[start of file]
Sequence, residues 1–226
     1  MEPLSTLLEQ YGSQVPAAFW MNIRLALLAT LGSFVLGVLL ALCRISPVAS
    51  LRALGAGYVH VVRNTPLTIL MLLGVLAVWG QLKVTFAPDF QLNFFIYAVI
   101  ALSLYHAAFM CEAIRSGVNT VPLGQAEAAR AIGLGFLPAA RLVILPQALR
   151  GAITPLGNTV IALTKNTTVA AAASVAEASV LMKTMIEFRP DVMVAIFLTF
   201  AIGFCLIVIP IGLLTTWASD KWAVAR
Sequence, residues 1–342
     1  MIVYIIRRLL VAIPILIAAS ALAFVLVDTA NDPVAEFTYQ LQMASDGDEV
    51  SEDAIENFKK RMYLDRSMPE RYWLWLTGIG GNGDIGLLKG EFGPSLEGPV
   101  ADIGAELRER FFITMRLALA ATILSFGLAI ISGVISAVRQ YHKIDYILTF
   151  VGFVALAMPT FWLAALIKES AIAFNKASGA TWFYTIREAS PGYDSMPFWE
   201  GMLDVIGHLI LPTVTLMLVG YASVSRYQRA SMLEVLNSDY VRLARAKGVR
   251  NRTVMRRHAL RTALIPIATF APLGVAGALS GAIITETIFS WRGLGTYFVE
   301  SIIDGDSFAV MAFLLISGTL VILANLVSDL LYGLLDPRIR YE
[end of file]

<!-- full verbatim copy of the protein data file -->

Sequence, residues 1–226
     1  MEPLSTLLEQ YGSQVPAAFW MNIRLALLAT LGSFVLGVLL ALCRISPVAS
    51  LRALGAGYVH VVRNTPLTIL MLLGVLAVWG QLKVTFAPDF QLNFFIYAVI
   101  ALSLYHAAFM CEAIRSGVNT VPLGQAEAAR AIGLGFLPAA RLVILPQALR
   151  GAITPLGNTV IALTKNTTVA AAASVAEASV LMKTMIEFRP DVMVAIFLTF
   201  AIGFCLIVIP IGLLTTWASD KWAVAR
Sequence, residues 1–342
     1  MIVYIIRRLL VAIPILIAAS ALAFVLVDTA NDPVAEFTYQ LQMASDGDEV
    51  SEDAIENFKK RMYLDRSMPE RYWLWLTGIG GNGDIGLLKG EFGPSLEGPV
   101  ADIGAELRER FFITMRLALA ATILSFGLAI ISGVISAVRQ YHKIDYILTF
   151  VGFVALAMPT FWLAALIKES AIAFNKASGA TWFYTIREAS PGYDSMPFWE
   201  GMLDVIGHLI LPTVTLMLVG YASVSRYQRA SMLEVLNSDY VRLARAKGVR
   251  NRTVMRRHAL RTALIPIATF APLGVAGALS GAIITETIFS WRGLGTYFVE
   301  SIIDGDSFAV MAFLLISGTL VILANLVSDL LYGLLDPRIR YE